Dragon and damsel fly nymph are more fish food , if any survive in a goldfish pond it is because the fish did not find them!

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ANHBUC

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Re: My new pond
« Reply #10 on: April 07, 2011, 23:48 »
My goldfish are scoffing the poor tadpoles as I speak and I'm desperately trying to think of some sort of drift-netting arrangement to try and confine the remaining ones to a safe corner of the pond in such a way that the fish can't reach them! Although it's got marginal and underwater plants there isn't enough cover for them (probably partly related to the size of the pond which is only about 8'X4')
[/quote]

Our pond is really big and the fish have never bothered with the tadpoles, well not so I have noticed.  Ours is still frog spawn but we have masses of it.  Think there is so much more for them to eat in the pond they don't bother with the tadpoles.

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ANHBUC

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Re: My new pond
« Reply #11 on: April 07, 2011, 23:55 »
Goldfish will not eat many toadpoles but even an inch long fish will stuff itself to the gills (witnessed) with tadpoles.
Dragon and damsel fly nymph are more fish food , if any survive in a goldfish pond it is because the fish did not find them!

Probably right there, ours nymphs usually hide in the planters or in the silt.  It is the nymphs which we see scoffing the tadpoles.  Last year we were sat out at dusk and saw something come out of the pond across the paving.  It was a nymph on its way to find somewhere to emerge as a dragonfly.  Unfortunately it was intercepted by a frog looking for its supper, what goes around, comes around I suppose.   :blush:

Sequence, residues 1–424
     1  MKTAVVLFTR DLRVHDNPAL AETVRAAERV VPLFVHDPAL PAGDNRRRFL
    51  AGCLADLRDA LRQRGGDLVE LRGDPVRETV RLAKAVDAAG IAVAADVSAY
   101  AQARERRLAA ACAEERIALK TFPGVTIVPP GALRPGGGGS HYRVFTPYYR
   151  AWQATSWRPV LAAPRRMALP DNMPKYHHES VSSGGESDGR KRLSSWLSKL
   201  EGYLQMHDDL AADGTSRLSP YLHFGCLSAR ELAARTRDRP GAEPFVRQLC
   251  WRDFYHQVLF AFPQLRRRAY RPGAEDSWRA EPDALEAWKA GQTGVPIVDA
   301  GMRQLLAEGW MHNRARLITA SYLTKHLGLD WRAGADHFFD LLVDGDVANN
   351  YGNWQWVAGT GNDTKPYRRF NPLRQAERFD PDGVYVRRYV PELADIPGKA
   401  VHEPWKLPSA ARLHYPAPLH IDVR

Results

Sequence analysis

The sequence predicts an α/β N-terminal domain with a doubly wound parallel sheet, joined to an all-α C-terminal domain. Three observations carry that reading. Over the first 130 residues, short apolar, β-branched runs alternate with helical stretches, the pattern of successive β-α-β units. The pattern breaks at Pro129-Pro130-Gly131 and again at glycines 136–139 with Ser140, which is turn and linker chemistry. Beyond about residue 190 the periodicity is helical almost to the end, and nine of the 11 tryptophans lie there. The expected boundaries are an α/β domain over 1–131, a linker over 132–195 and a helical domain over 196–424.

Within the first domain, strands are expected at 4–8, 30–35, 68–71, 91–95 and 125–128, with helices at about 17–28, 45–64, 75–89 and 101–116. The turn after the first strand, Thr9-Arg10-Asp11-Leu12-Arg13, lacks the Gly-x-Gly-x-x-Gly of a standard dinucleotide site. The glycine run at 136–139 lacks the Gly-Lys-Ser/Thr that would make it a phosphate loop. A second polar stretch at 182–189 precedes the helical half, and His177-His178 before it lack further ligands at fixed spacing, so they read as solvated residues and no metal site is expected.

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hubballi

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Pond going green and stagnant.
« Reply #12 on: April 24, 2011, 16:34 »
ll the hard work of laying a pond and designing around it to encourage wildlife has so far proved fruitless. I have added water forget me nots at the margins and tipped a few jars of wild pond water into the mix. All I seem to have are little white sperm like creatures that wriggle around like tadpoles (no, they are def not tadpoles). Also, petals from Wisteria and other plants are falling into the pond daily meaning me cleaning with out with a net.

I have no water boatmen, frogs or other creatures. Just a gloopy thick water with patches of bubbles on the surface.

I don't know where to get oxygenating plants from as the wild ponds didn't have any.

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mumofstig

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Re: Pond going green and stagnant.
« Reply #13 on: April 24, 2011, 16:44 »
You can buy the plants from a pet shop, the sort that sell koi carp.
Lesley x
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Plot18

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Re: Pond going green and stagnant.
« Reply #14 on: April 24, 2011, 16:54 »
As you're in Cheshire you could try Stapeley Water Gardens http://www.stapeleywg.com/

Great place, you'll find lots of ideas there.